I began making photographs of the unspoiled areas of my native Florida in 2004 as a way of exploring and interpreting the unique and fragile landscapes there. Unfettered growth, rising seas and irresponsible resource management have put the remaining wilderness of the Florida peninsula at risk. I’m attracted to lush and fecund places where land merges with water to photograph as this is, for me, the primary and essential Florida. Scenes of animated and layered growth that exhibit the survival instinct and the persistence of life fascinate me.
One of my favorite places to photograph for this project is the spring-fed estuaries of the Chassahowitzka National Wildlife Refuge on Florida’s Gulf Coast. I was enchanted by the lush, primeval beauty of the Chassahowitzka on my first visit there 30 years ago. Unfortunately, saltwater began creeping up into the creeks there about 6 years ago. Rising sea levels due to climate change were partially the cause. However, the saltwater intrusion was accelerated when the governor and state water commissioners determined that the wetlands could survive with less fresh water. This new minimum flow allows the state to increase the pumping of fresh water for large-scale inland developments and agricultural interests. The drawdown of fresh water has taken water away from the aquifer that feeds the Chassahowitzka’s springs and many others nearby. What had been verdant, semi-tropical wetlands is now mostly an open plain of grasses relieved by palms and dying hardwood trees. In 2014, I began to photograph in the salt-damaged sawgrass savannas and spring creeks as a way of reckoning with the ecosystem loss and of understanding what has become of Florida. This ruin is the fate of estuaries around the world as sea levels rise. _Benjamin Dimmitt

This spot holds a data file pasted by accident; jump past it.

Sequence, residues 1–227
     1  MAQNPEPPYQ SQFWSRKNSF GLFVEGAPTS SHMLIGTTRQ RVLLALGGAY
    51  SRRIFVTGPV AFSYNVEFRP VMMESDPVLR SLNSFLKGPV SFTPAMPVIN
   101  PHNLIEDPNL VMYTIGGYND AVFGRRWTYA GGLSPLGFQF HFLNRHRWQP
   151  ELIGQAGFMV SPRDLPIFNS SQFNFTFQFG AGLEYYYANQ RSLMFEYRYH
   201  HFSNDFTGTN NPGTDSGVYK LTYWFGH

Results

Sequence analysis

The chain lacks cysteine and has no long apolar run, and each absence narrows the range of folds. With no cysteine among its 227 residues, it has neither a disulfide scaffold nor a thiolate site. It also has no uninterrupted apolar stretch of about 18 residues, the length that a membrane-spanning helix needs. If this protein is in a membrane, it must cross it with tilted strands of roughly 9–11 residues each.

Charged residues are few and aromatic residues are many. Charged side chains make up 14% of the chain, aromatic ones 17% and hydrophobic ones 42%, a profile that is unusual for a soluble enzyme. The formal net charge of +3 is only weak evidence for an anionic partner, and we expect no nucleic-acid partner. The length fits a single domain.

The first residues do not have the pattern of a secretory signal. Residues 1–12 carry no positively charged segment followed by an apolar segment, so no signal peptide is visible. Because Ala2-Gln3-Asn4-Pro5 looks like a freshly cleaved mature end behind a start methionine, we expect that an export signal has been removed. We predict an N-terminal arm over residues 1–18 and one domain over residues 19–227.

The SE Center for Photography
1239 Pendleton St., Greenville, SC, 29611